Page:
A beginner’s guide to Google Analytics

A beginner’s guide to Google Analytics header image
Websites

Once you get your website up and running, you’ll want to know more about how many people are visiting your site, where they’re coming from, and the type of information they’re seeking. Google Analytics is one of the most powerful tools available to give you insight into how people interact with your website—and you can use it for free.

However, the amount of data that can be accessed through Google Analytics can be overwhelming. If you’re new to website analytics, these are a few basic metrics you should look at to best understand the traffic that your website receives.

Page views

This is the most straightforward metric you can look at. It tells you exactly how many pages on your website have been viewed over a certain period of time. So if someone finds your website online, clicks through before reading another four pages, then leaves, you would have a tally of five page views for that user. However, the page view metric does count repeat views of the same page, which can skew your numbers a bit.

Unique page views

If you want to find out how many individual pages people are accessing on your website, and don’t want to include data where people visited the same page multiple times, you’ll want to look at your unique page views. This data is pulled by looking at individual sessions in which a user is on your website. So if a user goes back and forth between two pages multiple times during the same session, it will still only count as two unique page views.

Bounce rate

Bounce rate tracks what percent of your visitors visit a single page of your website for a limited amount of time without clicking through or otherwise interacting with the content of your website. When looking at the bounce rate, the lower the rate, the more engaged your visitors are with your website. If you have a high bounce rate, it’s a good indicator that your website may be taking too long to load, that your interface is confusing and not usable for visitors, or that your site is not providing the information that users are hoping to get.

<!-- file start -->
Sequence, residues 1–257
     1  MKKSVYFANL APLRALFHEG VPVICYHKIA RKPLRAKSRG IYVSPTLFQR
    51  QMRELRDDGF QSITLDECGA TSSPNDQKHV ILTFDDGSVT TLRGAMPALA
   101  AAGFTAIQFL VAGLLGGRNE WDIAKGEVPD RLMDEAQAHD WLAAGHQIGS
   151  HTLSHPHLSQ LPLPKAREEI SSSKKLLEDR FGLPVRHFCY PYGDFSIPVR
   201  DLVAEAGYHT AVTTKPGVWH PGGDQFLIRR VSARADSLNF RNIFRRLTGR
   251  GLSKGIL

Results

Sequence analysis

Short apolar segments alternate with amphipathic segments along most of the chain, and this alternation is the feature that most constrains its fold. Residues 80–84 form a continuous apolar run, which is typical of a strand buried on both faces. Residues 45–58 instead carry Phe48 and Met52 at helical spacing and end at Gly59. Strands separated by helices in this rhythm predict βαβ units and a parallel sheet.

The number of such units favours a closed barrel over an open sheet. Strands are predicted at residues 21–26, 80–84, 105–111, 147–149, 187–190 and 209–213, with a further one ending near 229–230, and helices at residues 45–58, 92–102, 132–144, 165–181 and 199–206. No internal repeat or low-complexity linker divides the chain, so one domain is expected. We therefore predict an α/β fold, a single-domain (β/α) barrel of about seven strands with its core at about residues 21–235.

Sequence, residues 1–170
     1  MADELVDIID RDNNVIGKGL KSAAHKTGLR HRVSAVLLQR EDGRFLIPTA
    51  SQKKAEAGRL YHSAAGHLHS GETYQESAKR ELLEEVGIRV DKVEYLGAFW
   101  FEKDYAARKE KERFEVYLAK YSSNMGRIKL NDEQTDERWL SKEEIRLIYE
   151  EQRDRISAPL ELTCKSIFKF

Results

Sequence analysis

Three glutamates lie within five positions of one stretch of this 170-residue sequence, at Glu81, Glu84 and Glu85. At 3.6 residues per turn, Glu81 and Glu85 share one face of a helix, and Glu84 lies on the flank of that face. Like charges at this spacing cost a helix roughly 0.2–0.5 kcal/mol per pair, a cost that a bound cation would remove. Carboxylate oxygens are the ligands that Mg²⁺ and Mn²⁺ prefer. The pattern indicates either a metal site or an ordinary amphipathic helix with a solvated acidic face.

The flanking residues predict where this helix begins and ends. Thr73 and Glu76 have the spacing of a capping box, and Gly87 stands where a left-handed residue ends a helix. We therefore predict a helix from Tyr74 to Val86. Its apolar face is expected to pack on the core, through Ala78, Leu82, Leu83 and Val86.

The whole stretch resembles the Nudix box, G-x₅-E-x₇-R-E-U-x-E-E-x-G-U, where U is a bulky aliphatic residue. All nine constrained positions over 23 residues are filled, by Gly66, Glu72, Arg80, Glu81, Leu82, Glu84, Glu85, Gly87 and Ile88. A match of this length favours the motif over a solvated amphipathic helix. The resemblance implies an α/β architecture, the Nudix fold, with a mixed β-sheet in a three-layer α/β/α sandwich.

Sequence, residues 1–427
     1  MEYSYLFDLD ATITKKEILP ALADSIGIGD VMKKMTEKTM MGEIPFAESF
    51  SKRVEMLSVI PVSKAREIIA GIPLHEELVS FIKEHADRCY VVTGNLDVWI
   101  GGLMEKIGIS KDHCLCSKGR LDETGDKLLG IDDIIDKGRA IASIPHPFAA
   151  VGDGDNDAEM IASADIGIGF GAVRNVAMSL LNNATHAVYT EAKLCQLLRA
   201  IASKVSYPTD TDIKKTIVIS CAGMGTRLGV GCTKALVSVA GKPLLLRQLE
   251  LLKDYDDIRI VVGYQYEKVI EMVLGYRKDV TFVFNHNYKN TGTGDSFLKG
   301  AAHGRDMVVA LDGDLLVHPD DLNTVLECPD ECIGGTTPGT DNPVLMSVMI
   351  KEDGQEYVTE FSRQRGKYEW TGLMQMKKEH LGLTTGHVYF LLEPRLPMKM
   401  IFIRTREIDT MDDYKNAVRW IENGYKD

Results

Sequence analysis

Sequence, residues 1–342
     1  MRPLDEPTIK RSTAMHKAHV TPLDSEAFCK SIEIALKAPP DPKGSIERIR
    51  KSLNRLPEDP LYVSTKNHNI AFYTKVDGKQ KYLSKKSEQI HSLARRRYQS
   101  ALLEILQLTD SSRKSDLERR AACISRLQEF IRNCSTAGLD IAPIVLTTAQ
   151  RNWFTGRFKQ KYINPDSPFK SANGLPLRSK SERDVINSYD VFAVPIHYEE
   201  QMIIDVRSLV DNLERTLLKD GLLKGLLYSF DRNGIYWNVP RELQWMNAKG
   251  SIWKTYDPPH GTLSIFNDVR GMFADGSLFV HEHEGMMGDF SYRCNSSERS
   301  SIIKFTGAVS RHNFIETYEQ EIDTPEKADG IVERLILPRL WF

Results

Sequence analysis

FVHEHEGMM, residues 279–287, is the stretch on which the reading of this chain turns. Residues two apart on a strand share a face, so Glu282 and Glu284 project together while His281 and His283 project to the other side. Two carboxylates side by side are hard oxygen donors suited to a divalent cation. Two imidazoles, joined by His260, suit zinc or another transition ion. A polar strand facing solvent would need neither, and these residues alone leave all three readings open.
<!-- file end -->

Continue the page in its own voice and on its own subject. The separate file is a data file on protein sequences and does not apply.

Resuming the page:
Source/Medium

Let’s say one particular page of your website is booming and you can’t quite figure out why. Is it ranking well organically? Did that Tweet you posted with the page link really take off? To understand how visitors are making their way to a particular page, you’ll want to choose the Secondary dimension Source/Medium to break down users by how the went about accessing the page. Some sources may include Facebook or Twitter, a Google or Bing search, or a referral from another website.

Revenue

If you sell products on your website, better understanding which pages produce the most sales can help you make adjustments that result in more profit. The Revenue metric shows you how much total revenue has been generated by your website over a set period of time, and also gives you the freedom to see which specific pages are raking in the cash.

Google Analytics offers an extensive set of tools that allows you to get the metrics and data you’re most interested in. These metrics offer a great jumping off point for website beginners who want to gather more data about how their site is performing.

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